“When you care enough to send the very best…”
Remember that line?
I used to be a Hallmark girl. I never ever sent an off-brand card before opening my store. But once I found myself in the gift business, I knew I needed to carry cards, and obviously they weren’t going to be Hallmark.
I found that there are tons of wonderful card companies out there; great artwork, some amazing writing. I ended up with a huge card selection for a small town, and we sold loads of them. I was apparently not the only one that wanted something different.
(Little side story on the subject of something different – Way back when I started going through my piles and piles and piles of cards, pictures and other memorabilia in preparation for scrapbooking, and putting them in folders by year, I discovered that my husband had given me the same Mother’s Day card, not twice, but 3 years in a row! Hallmark, of course!)
So, fast forward. No more store, and out in the world buying cards once again. There are no stores in the whole Sacramento area to compare with the old “My Favorite Things,” I’m afraid. I have to toot my own horn here. I was a GOOD buyer.
So, I have returned to my old ways, and for the most part I’m sending Hallmark cards. Again. But after this weekend, I’m not happy about it.
September is birthday month around the Tattered household. Both our kids are September birthdays, and so are both of their spouses. There are others, too, but these were the ones causing the stress. Stress? How can buying birthday cards cause stress, you ask?
For starters, Hallmark has no equivalence when it comes to sons and daughters. Americans must, for the most part, adore their daughters, and feel pride for their sons. Huh? Why is that? Do guys just not enjoy the mushy stuff, or do parents feel uncomfortable having mushy feelings for their sons? It is very frustrating. And then add in the “in-laws” and it’s even worse. And, since we usually celebrate all the birthdays together, they have the opportunity to see each other’s cards and I always worry that they will compare, and think we feel differently about them because of the basic words on the cards, regardless of the messages we add to them.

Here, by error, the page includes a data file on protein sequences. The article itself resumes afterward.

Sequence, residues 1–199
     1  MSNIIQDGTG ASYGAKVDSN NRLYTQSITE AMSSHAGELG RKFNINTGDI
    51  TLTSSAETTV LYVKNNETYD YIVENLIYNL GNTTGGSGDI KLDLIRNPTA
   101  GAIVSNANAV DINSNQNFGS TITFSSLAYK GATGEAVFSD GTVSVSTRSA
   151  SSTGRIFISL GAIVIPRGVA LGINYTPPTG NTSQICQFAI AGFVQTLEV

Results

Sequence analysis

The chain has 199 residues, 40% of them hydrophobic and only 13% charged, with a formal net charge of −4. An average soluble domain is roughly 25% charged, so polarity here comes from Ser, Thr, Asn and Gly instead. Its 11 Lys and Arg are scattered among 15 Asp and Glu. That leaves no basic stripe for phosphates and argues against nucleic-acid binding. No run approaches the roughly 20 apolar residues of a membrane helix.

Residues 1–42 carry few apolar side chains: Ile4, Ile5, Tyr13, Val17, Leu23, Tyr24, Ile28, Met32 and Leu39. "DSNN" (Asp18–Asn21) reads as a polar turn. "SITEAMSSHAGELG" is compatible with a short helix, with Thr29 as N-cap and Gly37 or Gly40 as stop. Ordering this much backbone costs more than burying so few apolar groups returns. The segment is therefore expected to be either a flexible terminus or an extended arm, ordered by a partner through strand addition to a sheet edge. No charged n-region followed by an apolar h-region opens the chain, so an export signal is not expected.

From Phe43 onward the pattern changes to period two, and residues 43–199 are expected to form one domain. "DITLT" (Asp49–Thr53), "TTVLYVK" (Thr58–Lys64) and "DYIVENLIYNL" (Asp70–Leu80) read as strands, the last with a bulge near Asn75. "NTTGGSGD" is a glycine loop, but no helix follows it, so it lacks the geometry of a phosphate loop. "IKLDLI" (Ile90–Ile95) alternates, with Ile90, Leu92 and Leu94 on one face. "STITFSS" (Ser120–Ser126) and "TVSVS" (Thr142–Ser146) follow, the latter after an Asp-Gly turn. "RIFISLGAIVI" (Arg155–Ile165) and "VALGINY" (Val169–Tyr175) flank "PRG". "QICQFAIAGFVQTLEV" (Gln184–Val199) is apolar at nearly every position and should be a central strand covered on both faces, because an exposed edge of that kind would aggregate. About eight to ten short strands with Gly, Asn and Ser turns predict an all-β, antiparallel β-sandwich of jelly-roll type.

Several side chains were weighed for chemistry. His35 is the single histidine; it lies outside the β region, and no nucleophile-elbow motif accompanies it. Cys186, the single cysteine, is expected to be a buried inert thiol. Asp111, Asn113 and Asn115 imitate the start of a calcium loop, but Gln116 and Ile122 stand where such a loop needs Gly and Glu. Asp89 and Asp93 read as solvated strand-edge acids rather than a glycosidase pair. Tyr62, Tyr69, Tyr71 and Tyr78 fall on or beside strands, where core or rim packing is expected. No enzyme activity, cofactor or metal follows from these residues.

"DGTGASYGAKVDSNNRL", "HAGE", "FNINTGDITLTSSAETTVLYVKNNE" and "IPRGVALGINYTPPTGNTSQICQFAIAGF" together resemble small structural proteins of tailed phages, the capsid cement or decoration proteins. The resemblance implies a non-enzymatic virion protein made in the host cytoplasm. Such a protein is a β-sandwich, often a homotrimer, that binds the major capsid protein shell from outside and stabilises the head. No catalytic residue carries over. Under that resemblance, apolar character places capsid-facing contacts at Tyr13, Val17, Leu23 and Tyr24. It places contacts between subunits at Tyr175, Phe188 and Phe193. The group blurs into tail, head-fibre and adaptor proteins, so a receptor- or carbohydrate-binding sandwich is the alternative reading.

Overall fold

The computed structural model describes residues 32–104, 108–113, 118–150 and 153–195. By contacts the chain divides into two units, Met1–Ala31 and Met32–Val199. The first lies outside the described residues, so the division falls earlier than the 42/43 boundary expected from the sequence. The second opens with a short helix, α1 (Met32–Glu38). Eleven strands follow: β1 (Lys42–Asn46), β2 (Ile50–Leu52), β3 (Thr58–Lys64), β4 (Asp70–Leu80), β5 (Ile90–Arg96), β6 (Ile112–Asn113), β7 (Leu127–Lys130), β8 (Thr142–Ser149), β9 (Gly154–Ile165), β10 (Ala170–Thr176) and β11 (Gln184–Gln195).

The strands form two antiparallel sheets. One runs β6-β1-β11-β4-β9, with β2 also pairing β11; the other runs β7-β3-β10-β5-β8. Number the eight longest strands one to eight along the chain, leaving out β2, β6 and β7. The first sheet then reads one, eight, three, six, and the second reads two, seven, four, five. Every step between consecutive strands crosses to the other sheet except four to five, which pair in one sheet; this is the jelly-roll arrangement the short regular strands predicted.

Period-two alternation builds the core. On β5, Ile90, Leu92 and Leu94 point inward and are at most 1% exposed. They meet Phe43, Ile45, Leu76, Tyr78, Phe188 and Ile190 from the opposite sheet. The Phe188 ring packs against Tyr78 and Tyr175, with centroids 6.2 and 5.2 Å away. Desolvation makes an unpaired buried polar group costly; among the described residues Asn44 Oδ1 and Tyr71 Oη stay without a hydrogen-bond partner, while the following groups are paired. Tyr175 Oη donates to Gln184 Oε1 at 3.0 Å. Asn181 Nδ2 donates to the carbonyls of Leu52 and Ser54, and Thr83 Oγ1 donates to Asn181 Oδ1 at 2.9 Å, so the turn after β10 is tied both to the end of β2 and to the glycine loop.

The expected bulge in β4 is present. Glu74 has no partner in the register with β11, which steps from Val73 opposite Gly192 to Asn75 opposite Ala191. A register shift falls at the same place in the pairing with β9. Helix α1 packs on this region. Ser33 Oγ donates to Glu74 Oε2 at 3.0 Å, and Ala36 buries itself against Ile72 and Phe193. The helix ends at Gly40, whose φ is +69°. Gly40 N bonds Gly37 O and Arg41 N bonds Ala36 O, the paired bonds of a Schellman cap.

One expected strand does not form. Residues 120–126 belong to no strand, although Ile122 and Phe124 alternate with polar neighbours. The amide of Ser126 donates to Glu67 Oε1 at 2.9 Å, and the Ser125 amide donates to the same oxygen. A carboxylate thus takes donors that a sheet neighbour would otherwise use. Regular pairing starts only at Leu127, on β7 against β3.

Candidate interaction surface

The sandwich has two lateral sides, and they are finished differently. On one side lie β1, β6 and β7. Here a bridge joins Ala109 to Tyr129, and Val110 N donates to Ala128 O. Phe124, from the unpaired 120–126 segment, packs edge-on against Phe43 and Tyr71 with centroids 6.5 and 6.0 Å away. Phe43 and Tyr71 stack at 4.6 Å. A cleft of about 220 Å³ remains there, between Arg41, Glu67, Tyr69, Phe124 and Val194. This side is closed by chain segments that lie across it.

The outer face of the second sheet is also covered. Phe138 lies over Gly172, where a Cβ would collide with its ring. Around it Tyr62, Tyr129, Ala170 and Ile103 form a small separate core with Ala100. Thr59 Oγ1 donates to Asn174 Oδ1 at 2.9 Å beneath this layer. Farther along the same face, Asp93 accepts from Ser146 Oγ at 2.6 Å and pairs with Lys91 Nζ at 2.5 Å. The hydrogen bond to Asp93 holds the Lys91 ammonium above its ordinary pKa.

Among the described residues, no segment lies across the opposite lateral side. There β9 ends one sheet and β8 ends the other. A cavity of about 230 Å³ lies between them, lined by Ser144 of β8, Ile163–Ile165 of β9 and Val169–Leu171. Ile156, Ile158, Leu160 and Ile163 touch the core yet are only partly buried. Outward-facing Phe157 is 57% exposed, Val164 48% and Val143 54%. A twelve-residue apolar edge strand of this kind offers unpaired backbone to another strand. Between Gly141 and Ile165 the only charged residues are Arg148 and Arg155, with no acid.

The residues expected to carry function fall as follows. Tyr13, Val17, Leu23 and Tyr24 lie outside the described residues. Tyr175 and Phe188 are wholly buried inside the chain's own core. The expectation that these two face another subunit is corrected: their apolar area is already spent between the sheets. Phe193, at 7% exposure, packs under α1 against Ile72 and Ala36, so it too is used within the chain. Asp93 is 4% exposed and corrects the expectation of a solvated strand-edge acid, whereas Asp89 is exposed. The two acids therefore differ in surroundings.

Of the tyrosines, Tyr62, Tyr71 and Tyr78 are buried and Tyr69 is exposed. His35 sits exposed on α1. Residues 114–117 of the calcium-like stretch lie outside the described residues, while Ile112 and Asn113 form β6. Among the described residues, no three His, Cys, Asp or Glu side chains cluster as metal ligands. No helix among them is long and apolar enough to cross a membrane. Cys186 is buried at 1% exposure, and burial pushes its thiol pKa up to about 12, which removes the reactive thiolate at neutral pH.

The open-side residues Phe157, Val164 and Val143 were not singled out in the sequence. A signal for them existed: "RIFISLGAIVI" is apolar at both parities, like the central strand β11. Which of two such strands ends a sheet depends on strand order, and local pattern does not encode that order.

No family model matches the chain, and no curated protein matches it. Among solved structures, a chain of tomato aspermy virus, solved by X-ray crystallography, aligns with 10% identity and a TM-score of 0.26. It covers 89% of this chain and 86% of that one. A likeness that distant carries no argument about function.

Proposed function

I know, it’s probably just me, but I worry about these things.
And so I spent a stressful morning reading cards. Over and over again, moving from aisle to aisle back and forth, trying to come up with 4 equivalent cards. I lost track of how long I was there – it seemed like eternity. Surely I was just missing the perfect ones. They had to be there, so I’d just go back and try again. I was miserable, and buying cards should not be a miserable experience.
I’m sorry Hallmark, but this time, ya done me wrong…
So, I had an Epiphany of sorts. I’m done. I have purchased my last Hallmark birthday card.
From now on, I’ll either be making cards, or buying generic ones that just say Happy Birthday. I’ve decided that if I my words and actions during the year do not make my kids feel ridiculously happy, incredibly appreciated and loved beyond reason, then no professional writer’s words or someone else’s art on a cheesy card are going to accomplish that.
Problem solved. At least that one. Now the problem becomes how to make sure they all, my whole family, feel ridiculously happy, incredibly appreciated and loved beyond reason all year long. Now THAT, is a fun kind of problem to have!